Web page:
Jun 11, 2016 0 comment

“We have sub-contracted the powder coated sheet metal panels for a commercial air conditioning unit that we produce. The panels are made of galvannealed material with a zinc-rich powder primer and a polyester top coat. This combination was chosen to meet salt spray test requirements per ASTM B117 for a minimum of 240 Hours.

Our supplier is experiencing approximately a 20% rejection rate due to visual defects. Our requirements are no blister or blemish in excess of 3mm. Or no more than 5 blemishes, less than 3mm, within 1 square inch. The part must be viewed with the unaided (eye) at 24″ in adequate lighting with 20/20 vision.

Is the problem we are experiencing more a function of the type of materials we are using? Is it more a function of the process controls of the company doing the powdercoating? Are our Quality requirements too stringent for the finish that can be attained using these materials?”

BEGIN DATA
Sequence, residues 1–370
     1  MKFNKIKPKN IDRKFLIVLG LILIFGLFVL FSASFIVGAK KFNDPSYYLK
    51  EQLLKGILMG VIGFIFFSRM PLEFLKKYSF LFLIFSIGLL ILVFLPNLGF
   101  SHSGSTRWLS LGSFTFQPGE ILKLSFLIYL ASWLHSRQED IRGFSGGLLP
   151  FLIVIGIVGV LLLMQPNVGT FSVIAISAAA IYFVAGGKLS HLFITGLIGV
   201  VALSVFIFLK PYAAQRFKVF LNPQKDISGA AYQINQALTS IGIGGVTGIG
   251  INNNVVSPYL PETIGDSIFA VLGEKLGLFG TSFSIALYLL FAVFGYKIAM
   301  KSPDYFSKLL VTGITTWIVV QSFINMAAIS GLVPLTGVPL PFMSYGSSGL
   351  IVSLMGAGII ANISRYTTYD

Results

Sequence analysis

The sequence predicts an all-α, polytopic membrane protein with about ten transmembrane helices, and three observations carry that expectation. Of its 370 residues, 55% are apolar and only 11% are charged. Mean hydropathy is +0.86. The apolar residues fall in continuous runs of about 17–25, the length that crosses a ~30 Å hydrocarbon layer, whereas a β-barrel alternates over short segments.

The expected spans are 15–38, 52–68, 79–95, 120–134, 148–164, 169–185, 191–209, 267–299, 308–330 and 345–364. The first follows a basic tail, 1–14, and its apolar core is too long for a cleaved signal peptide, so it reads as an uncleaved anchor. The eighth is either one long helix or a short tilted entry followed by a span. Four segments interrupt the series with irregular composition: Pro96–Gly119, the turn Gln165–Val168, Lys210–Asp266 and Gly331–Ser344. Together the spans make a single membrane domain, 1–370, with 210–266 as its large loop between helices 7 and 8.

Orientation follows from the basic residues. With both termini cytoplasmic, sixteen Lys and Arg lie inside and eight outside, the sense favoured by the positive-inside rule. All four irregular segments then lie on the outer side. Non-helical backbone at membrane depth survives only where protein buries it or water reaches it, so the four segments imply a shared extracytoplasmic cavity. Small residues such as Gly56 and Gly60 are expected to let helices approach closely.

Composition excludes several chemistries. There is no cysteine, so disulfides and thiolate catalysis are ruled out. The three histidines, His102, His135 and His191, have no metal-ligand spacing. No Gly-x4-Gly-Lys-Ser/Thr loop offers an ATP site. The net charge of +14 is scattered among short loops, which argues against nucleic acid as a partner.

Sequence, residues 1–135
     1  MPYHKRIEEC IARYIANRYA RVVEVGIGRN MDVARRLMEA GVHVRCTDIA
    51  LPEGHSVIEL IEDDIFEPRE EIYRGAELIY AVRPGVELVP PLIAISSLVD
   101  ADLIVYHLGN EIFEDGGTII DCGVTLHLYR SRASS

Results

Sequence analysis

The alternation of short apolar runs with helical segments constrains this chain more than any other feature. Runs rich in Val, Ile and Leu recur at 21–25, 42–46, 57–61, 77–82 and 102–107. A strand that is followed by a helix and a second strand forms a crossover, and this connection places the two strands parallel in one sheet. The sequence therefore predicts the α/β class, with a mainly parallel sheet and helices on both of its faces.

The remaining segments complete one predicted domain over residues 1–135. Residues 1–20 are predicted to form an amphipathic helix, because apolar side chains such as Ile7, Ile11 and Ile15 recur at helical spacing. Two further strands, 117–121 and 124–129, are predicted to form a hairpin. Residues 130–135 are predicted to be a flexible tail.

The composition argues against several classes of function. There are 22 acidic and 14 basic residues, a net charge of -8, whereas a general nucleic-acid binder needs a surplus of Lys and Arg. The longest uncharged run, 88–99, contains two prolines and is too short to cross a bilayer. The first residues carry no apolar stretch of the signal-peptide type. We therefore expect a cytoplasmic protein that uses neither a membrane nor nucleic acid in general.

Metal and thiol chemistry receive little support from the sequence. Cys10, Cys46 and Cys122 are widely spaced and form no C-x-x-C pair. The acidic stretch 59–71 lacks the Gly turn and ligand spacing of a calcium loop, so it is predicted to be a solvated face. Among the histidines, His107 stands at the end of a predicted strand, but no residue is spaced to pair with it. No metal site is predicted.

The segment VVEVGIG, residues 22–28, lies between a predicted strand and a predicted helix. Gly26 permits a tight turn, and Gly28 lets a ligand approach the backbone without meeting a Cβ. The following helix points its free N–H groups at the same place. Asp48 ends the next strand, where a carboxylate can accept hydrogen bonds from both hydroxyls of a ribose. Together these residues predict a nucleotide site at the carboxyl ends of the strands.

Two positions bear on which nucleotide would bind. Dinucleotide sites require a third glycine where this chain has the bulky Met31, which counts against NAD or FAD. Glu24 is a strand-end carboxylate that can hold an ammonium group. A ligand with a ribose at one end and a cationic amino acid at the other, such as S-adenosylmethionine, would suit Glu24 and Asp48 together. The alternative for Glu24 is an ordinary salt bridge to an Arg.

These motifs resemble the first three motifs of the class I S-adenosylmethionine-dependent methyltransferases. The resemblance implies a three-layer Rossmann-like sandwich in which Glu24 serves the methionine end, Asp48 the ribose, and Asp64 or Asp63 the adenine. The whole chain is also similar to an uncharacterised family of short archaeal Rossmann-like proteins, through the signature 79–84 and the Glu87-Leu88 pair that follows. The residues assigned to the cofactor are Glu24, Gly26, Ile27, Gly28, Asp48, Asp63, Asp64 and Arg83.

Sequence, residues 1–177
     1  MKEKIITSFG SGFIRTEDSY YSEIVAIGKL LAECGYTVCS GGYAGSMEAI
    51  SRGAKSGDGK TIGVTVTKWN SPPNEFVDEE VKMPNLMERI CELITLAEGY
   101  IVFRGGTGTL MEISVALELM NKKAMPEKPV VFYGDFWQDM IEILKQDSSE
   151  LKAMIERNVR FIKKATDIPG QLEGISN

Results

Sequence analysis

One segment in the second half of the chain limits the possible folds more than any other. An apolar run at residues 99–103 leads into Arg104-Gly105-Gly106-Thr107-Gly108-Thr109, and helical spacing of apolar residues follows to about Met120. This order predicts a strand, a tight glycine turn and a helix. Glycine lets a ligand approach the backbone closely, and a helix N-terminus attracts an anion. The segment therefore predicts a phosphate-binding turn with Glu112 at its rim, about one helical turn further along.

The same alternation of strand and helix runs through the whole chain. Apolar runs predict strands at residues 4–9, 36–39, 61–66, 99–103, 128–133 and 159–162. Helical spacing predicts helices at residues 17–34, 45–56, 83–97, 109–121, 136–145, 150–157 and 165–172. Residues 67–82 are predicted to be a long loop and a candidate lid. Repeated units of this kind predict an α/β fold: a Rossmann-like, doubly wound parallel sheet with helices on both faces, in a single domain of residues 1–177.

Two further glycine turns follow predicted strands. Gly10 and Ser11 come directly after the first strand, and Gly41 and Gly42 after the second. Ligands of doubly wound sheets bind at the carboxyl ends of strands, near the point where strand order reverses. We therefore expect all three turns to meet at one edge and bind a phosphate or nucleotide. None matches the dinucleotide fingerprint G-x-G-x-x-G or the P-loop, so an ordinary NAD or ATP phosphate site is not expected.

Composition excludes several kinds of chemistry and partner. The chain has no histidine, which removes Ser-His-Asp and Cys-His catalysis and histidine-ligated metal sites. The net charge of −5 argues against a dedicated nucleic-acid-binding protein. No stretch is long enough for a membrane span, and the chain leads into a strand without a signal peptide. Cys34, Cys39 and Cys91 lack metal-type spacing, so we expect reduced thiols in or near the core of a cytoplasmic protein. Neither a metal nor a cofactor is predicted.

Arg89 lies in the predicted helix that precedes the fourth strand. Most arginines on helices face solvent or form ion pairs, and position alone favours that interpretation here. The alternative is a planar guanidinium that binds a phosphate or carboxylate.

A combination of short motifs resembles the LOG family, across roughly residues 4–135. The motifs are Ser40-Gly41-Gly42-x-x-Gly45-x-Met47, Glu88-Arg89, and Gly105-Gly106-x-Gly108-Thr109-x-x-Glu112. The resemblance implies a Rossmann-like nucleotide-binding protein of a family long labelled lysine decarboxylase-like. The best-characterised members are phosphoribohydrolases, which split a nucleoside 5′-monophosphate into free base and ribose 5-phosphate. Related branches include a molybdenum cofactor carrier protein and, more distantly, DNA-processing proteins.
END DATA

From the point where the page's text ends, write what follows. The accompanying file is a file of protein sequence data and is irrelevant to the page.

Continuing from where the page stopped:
“You are doing way too much to work to obtain a 240 hour salt spray corrosion requirement. Galvanized steel, zinc rich primer, and powder top coat would be used for 2000 hours salt spray resistance. I’m afraid that in this case “more is not better”. Each process step requires stringent process controls to be done correctly. The more you do to your product the more you risk creating a reject. Statistically, all the possible problems are compounded on your product. You should consider, redesigning your process (simplification) to accommodate your corrosion requirement.”

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